Spelman, Caroline Cloned meat
Last updated at 8:46 AM on 30th March 2011
A campaign to put controls on cloned meat and milk was killed off yesterday by the UK Government and Brussels.
The move signals the start of a free-for-all in ‘Frankenfood’ – despite claims the technology is cruel and unethical.
Shoppers will be left in the dark because products from the offspring of cloned animals will not require special labels. One MEP warned supermarkets could soon be flooded with their milk.
In the dark: The decision by the government and Brussels means that consumers will no longer know if the meat they buy comes from cloned animals
More than 100 clone offspring animals, mostly dairy cows, are being reared on British farms. Meat, milk and cheese from these and similar animals could go on shelves within months.
Caroline Spelman, Tory food and farming secretary, led the moves in Brussels to sabotage attempts to regulate or mark food from clones and their descendants.
Commission officials joined her in arguing that such controls could provoke a trade war with Washington.
Most MEPs, on the other hand, called for a complete ban or, failing that, clear labelling.
However, in marathon talks which ended yesterday, the labelling compromise
was rejected by the Commission, the UK Government and Tory MEPs.
Betrayal: Tory MP Caroline Spelman led the move to sabotage attempts to regulate or mark food that has come from cloned animals
The failure to reach any agreement leaves the 27 EU states without meaningful controls on clone farming and food.
Two MEPs, who led negotiations on behalf of the European Parliament, condemned the Commission and the European Council, which represents national governments.
‘It is deeply frustrating that the Council would not listen to public opinion
and support urgently needed measures to protect consumer and animal welfare
interests,’ said Gianni Pittella and Kartika Liotard in a joint statement.
‘Parliament had overwhelmingly called for a ban on food from cloned animals and their descendants.
‘We made a huge effort to compromise but we were not willing to betray consumers on their right to know whether food comes from animals bred using clones.
‘Since European public opinion is overwhelmingly against cloning for food, a commitment to label all food products from cloned offspring is a bare minimum.’
Dagmar Roth-Behrendt, an MEP who took part in talks, said the failure to develop legislation risked Europe being flooded with ‘billions of litres of cloned milk’.
The European consumer group, BEUC, said the views of ordinary people had been sacrificed to satisfy U.S. trade interests.
Its director, Monique Goyens, said: ‘Europeans were very clear. They don’t want cloning to be used for food purposes and yet, clearly, they have not been listened to.
‘Food products derived from cloning bring no benefits to consumers. Obviously consumers’ interests have been bypassed by the world trade concerns. Which interest were ministers representing exactly?’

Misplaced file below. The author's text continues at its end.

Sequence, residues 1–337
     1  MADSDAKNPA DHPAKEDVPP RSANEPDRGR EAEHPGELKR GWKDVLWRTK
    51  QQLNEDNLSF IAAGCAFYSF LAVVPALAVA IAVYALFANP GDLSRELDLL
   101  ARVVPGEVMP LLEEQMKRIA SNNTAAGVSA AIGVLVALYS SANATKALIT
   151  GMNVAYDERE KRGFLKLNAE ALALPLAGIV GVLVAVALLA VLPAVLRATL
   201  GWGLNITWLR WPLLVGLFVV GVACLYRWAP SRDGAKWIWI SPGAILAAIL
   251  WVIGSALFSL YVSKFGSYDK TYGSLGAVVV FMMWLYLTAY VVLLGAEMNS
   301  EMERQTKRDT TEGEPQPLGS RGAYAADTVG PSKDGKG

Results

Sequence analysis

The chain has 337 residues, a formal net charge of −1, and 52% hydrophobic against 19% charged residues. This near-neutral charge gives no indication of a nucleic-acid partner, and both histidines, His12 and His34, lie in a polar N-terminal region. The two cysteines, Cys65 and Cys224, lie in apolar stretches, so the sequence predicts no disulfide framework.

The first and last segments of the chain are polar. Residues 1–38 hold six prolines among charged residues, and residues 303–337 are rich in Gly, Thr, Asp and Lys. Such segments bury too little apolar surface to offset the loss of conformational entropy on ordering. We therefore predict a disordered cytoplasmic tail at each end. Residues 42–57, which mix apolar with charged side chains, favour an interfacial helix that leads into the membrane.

Critics of cloning say it leads to a large number of miscarriages, malformed organs and gigantism.
Pioneer: Dundee Paradise was Britain's first clone-descended calf and was born on a farm in Shropshire during 2006
An RSPCA spokesman said: ‘We are totally opposed to cloning for food production on animal welfare and ethical grounds.
‘Cloning has huge potential to cause unnecessary pain, suffering and distress which cannot be justified by purely commercial benefits.’
Compassion in World Farming accused British ministers of ‘shameful hypocrisy’ for supporting clone farming while claiming to champion animal welfare.
Over-complicated: MEP Struan Stevenson said the labelling would have placed great pressure on EU producers and could have caused a trade war
Policy director Peter Stevenson said: ‘The Government seems determined to foist food from clones and their offspring on to consumers’ plates.
‘A significant proportion of clones die in the early stages of life from health problems such as cardiovascular failure, respiratory difficulties and immune system deficiencies.’
The UK Government insists food from clone animals and their offspring is no different to that from conventional animals and that existing welfare laws are sufficient to deal with any cruelty.
‘We remain of the view that there is no scientific justification for controls
on the descendants of clones,’ said a spokesman for Mrs Spelman.
Struan Stevenson, a Tory MEP, said: ‘It seems to me that MEPs were too keen to over-complicate the cloning issue.
‘They demanded labelling and traceability which would have placed great cost and pressure on EU producers and consumers and inevitably could have caused a trade war.’
Britain’s Food Standards Agency had declared it is illegal to sell meat and
milk from the offspring of clones – a policy that will now change.
There may be still be restrictions on food from the original clones but this is not an area of concern because they are fewer in number and generally too valuable to use for food.
Britain’s first clone-descended cow, Dundee Paradise, was born on a Shropshire farm in 2006. She arrived by airmail as an embryo from an American clone mother.
By ZAC GOLDSMITH
The Tory MP and environmental campaigner says the issue cloned meat has never been properly discussed in Parliament
The idea of eating meat from the offspring of a cloned animal conjures up images of a science fiction world where the food chain is manipulated by geneticists and where the natural rhythms of life are ignored in the name of profit.